Designed to hold about 500 mer
chant ships in readiness for an
other possible war emergency, the
basin now has more than a dozen
stored in its completed area.
To Get Funds
Meanwhile, as the Brunswick
project nears completion, the other
eight reserve fleet basins in the
nation will receive their construc
See ORIGINAL On Page Two
CITY PURCHASES
SURPLUS BUILDING
Maffitt Village Community
Center To Be Turned
Over To Firm
The City of Wilmingtoin yester
day formally purchased the Maffitt
Village Community building from
the Federal Public Housing ad
ministration and made it available
to the Chadbourn Mills, Inc., of
Charlotte as the center for a pro
jected $750,000 hosiery plant.
City Manager J. R. Benson an
nounced completion of the purchase
yesterday afternoon a few hours
after he dispatched a $20,000 certi
fied check for the property to
A. R. Hanson, FPHA regional di
tor in Atlanta.
The city will retain title to the
property and lease it to the Chad
bourn company through Industrial
Properties, Inc., it is understood.
I. A. Grange, manager of the
new plant, said last night that the
beginning of full production is at
ieast a month away.
At peak, the mill will employ
See BUILDING on Page Two
As Bapists Held Fall Meeting At Winter Park Church
Part of the more than SOO leaders of the Wilmington Baptist association are shown at their fall meeting In the Winter Park church
yesterday. On the platform are: the Rev. T. H. King, Winter Park Baptist church; Dr. J. Allen Easley, of Wake Forest college; and L. E.
I Miller of Meredith college, field representative of the North Carolina Baptist association, leaders of a discussion of religious education in
the 4S-church association. (PHOTO BY BOB HODGKIN) _
HARVEST FESTIVAL
PLANNEDTONIGHT
School Glee Clubs To Sing
In Program At Pembroke
Jones Park
With the local weather bureau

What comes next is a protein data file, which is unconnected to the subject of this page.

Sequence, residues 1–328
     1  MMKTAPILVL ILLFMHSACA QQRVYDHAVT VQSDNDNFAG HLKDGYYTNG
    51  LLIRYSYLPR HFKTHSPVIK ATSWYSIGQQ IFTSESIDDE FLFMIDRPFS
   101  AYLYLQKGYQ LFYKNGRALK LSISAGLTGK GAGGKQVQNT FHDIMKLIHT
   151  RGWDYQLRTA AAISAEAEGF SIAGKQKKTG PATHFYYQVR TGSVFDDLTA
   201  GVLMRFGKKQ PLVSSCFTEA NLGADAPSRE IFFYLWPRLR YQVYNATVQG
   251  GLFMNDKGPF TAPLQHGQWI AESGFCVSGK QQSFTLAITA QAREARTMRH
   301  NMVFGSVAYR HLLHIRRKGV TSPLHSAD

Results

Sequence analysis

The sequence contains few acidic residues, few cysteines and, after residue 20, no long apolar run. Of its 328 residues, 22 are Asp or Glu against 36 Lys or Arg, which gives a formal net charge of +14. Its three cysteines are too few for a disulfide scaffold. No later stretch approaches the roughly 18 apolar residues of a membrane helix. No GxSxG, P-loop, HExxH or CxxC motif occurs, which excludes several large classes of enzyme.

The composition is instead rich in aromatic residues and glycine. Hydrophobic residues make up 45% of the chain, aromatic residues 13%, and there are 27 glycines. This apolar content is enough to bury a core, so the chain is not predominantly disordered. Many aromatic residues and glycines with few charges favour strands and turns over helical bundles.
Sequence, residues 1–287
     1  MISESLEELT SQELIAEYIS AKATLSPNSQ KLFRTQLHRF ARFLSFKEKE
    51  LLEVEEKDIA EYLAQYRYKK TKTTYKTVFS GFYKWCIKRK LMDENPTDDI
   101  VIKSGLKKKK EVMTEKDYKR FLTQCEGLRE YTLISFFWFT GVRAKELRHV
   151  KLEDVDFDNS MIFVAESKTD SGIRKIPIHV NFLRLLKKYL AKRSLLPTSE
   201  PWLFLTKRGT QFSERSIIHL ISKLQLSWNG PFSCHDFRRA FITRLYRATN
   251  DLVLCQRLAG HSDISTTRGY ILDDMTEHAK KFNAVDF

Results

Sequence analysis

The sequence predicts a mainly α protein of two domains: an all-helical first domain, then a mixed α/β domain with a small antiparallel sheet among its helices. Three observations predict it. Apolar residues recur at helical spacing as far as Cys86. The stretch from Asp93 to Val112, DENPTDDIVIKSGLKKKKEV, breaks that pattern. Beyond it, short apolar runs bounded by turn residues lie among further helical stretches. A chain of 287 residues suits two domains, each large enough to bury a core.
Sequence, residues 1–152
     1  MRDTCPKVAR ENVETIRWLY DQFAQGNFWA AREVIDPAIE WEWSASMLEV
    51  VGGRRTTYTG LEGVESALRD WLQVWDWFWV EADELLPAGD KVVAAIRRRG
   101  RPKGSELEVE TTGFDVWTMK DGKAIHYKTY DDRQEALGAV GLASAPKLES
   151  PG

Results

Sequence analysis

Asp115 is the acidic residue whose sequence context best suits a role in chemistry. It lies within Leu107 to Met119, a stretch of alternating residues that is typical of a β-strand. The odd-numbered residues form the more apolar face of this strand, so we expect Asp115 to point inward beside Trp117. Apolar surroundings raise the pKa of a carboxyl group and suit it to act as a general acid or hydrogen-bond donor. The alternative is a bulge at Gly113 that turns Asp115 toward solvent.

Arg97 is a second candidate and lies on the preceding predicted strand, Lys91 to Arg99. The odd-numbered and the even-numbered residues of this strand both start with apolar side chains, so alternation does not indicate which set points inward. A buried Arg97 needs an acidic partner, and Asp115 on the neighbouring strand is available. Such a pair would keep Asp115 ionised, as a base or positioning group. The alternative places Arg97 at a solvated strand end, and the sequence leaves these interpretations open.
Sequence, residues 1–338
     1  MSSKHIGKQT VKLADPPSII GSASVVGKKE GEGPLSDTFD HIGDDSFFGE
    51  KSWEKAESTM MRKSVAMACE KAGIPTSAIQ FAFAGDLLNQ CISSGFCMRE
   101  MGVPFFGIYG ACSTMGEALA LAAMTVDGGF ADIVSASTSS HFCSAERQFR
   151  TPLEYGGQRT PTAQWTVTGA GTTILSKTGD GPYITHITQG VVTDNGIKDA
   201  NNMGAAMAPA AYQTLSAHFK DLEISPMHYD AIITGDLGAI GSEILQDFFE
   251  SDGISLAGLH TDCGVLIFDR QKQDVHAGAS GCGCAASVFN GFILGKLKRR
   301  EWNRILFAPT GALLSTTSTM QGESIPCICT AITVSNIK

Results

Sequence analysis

promising mild temperatures, the
City Recreation Department will
celebrate Indian summer by stag
ing its third annual Harvest Festi
val in Pembroke Jones Park at 8
o’clock tonight.
But, should the elements belie the
forecasters, Jesse Reynolds, re
creation superintendent, said the
festival will be postponed until
tomorrow night.
The ten-part program, written
and directed by Mrs. Josephine
Gallagher, will be built around the
United Nations them*.
Five glee clubs wilT participate
in the festival with their songs
programs drawn from the UN
countries.
Recreation directors of the
groups participating in the festival
are: Mrs. Irene Waters, Nesbitt
Courts; Mrs. Virginia Davis, Vance
See FESTIVAL on Page Two
Along The Cape Fear
Charles Dickens probably won’t
like it, but we’re going to put the
folowing title on today’s story any
way:
“A Tale Of Two Kitties.’
It’s not only a meow of a melo
drama but quite a psychological
thriller as well, because the rolei
of the two kitties is played by one
kitty with a split-personality.
Mrs. J. B. B. sent in the raw
material for the cat’s tale, and we
only hope our treatment of it will
rank with the virtues of the
Jaeckel-Hyde-Hitchcock tradition.
It’s just too bad we can’t get
Ingrid Bergman to don claws and
long incisors to play the part.
Anyway, here it is:
• * *
INCONSTANT LOVER
The schizophreniac kitty
bears the fortunate name of
“Lucky”. Every mroning, as
regularly as the dawn, “Lucky”
shows up at the back porch of
“Mom” Jarrell’s house for break
fast.
Professing an exclusive purring
love for “Mom” Jarrell’s break
fasttime menu, “Lucky” gets all
he can eat.
Then, like an inconstant lover,
he sneaks over to the back porch
cf Mrs. Mary Devine and lures
another breakfast out of Mrs. De
vine’s kitchen.
TJiis duplicity caught up with
"Lucky” the other daj^ without so
much as one private detective
Eiguring in the expose.
* * *
‘LUCKY” LEAPED
Having gorged himself at
“Mom” Jarrell’s, “Lucky” saunt